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Canada’s Depth Showcased on their Way to World Junior Gold

By Iain Colpitts on January 06, 2018

(Matthew Murnaghan/Hockey Canada Images)

If you needed any reminder of how deep Team Canada’s entry was at this year’s World Juniors, just look at who scored the tournament-winning goal and the added significance behind it.

Tyler Steenbergen, who has 86 goals in his last 99 games with the Swift Current Broncos, put Canada ahead with 1:40 left en route to a 3-1 win over Team Sweden in Friday’s gold medal game.

Many thought Steenbergen could play a big role for Team Canada given his impressive scoring totals, but before that goal, he was Canada’s only forward without a goal in the tournament and played less and less minutes as it got into medal games.

Captain Dillon Dube and Alex Formenton also scored while Tim Soderlund responded with a shorthanded marker for the Swedes.

Carter Hart backed the Canadians with 35 saves while Filip Gustavsson, named the tournament’s top goalie after the game, finished with 24.

We knew this year’s Team Canada wouldn’t have that clear cut star like previous years when youngsters like Connor McDavid, Dylan Strome and Mitch Marner donned the red and white, but the depth as the collection of talent worked together to earn Canada’s first gold since 2015.

As well, Canada collectively led in major team categories like offence (39 goals), defence (11 against), power play (44.83 per cent) and penalty killing (88 per cent).

As expected, the Canadians were led offensively by Jordan Kyrou’s 10 points (three goals and seven assists) and Sam Steel’s nine (four goals and five assists), good for fourth and fifth in tournament scoring.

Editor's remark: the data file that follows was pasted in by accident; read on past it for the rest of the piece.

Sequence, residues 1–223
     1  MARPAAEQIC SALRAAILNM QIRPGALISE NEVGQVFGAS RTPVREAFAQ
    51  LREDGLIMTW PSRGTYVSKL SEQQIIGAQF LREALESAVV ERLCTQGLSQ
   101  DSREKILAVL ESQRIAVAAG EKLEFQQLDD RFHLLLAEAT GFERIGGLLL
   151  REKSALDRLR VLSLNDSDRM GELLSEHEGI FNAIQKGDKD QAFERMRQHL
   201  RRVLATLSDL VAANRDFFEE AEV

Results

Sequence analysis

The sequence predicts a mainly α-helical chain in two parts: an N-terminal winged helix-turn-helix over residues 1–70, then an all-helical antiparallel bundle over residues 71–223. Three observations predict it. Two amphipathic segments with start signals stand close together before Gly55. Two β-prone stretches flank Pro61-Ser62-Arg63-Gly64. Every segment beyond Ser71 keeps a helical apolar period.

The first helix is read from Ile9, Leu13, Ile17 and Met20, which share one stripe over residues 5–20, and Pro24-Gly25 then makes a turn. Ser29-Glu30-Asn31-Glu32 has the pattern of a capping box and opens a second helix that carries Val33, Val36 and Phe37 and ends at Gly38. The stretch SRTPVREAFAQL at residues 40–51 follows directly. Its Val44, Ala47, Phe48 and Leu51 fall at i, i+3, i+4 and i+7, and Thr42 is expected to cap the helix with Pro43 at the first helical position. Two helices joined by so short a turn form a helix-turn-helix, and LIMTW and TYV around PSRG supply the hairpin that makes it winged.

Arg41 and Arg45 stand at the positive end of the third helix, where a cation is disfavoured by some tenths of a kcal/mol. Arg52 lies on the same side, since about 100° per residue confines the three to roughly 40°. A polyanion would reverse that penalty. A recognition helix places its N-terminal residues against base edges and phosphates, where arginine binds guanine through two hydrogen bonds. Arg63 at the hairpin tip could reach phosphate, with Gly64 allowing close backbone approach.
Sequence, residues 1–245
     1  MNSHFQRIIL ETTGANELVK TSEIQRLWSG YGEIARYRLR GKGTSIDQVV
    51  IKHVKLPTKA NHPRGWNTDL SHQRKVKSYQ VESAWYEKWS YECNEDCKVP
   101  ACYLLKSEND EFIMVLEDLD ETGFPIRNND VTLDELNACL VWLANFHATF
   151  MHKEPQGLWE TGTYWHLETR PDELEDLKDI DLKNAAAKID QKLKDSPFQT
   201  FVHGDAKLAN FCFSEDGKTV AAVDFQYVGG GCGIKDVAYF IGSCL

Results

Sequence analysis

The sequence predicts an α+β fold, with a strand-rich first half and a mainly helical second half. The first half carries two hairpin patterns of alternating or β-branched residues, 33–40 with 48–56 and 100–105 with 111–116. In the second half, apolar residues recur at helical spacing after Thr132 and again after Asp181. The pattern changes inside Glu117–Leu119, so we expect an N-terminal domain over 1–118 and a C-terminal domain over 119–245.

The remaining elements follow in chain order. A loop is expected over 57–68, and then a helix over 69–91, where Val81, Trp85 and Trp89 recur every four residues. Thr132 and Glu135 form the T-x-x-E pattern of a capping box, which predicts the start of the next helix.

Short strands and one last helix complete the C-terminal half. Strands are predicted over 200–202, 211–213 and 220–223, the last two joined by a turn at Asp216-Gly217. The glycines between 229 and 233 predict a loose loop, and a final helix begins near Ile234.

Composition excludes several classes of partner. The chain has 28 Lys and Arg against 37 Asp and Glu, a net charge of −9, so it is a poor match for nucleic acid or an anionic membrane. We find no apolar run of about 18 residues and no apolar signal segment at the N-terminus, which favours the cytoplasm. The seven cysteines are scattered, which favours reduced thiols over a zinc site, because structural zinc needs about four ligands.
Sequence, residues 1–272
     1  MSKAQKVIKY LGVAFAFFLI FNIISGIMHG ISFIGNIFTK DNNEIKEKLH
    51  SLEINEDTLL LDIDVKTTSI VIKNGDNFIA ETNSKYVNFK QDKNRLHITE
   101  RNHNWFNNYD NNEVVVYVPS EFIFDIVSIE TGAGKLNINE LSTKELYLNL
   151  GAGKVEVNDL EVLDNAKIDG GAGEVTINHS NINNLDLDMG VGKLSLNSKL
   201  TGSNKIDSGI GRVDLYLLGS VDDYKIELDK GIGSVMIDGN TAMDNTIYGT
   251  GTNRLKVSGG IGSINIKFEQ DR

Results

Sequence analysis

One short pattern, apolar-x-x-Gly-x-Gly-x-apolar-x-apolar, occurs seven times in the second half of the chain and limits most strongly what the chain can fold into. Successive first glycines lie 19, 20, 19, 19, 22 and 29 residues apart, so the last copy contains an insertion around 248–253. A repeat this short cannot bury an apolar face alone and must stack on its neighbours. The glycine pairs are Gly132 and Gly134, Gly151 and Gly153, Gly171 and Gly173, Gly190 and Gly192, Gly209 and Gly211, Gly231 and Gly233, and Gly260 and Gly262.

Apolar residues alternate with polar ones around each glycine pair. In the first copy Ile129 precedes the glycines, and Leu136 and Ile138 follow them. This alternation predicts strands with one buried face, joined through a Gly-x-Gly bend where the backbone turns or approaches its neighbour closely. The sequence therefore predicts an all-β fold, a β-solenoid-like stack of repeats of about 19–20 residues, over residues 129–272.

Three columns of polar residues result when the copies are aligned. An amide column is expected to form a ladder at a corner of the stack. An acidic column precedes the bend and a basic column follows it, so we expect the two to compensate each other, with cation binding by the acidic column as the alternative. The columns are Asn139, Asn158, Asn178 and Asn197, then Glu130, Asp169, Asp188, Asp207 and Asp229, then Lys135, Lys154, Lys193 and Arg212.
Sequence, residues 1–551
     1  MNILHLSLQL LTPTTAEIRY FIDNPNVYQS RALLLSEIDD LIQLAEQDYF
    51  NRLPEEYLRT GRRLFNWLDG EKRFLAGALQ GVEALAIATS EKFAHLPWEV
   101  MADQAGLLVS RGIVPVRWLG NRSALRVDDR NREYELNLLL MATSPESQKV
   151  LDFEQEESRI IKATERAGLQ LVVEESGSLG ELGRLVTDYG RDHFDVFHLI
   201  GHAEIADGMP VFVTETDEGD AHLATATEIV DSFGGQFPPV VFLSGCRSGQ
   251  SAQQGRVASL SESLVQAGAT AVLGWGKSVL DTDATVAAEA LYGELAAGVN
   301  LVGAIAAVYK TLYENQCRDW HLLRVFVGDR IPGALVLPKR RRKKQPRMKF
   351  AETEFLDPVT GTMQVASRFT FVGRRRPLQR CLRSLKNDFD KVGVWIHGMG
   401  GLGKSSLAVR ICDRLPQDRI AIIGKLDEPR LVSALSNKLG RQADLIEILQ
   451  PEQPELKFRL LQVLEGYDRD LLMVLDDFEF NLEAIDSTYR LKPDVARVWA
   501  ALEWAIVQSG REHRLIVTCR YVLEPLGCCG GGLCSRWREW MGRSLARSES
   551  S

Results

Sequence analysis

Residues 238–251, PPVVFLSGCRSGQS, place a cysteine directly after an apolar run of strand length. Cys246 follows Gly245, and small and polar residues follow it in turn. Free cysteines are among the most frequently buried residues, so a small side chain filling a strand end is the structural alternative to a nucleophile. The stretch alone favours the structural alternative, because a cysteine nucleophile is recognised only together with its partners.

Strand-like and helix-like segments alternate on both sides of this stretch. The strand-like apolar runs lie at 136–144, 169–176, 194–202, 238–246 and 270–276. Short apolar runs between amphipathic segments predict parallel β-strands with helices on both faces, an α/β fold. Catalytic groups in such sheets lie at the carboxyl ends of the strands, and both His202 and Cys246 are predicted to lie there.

Cale Makar earned Canada’s lone spot on the all-star team after leading all defencemen in points with eight (three goals and five assists). He was joined by Gustavsson, Swedish blueliner and projected 2018 NHL Draft first overall pick Rasmus Dahlin and forwards Casey Middlestadt (tournament MVP) and Kieffer Bellows from the United States and Filip Zadina from the Czech Republic, a projected top-five pick in the upcoming NHL Draft.

Canada went into the tournament with a few question marks over some of the young players they left off their roster.

In a year where there was a lot of high-end 18-year-old talent such as Cody Glass, Owen Tippett, Nick Suzuki and goaltender Michael DiPietro, Canada went with only three 18-year-olds (Formenton, Robert Thomas and Maxime Comtois), but showed all of that veteran experience paid off.

It had to be an especially sweet victory for the seven returning players from last year’s team (Hart, Dube, Taylor Raddysh, Kale Clague, Jake Bean, Michael McLeod and Dante Fabbro) that lost to the United States in a shootout during last year’s final.

There were a lot of talking points with this year’s tournament such as the low attendance that drew a lot of criticism over social media and the first ever outdoor game that was stalled and hampered by the snow, but with the tournament now under wraps, there’s something for us to talk about on a positive note: the sight of 22 deserving young men draped in red, white and gold.

 

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By Iain Colpitts| January 06, 2018
Categories:  Events
Keywords:  World Juniors

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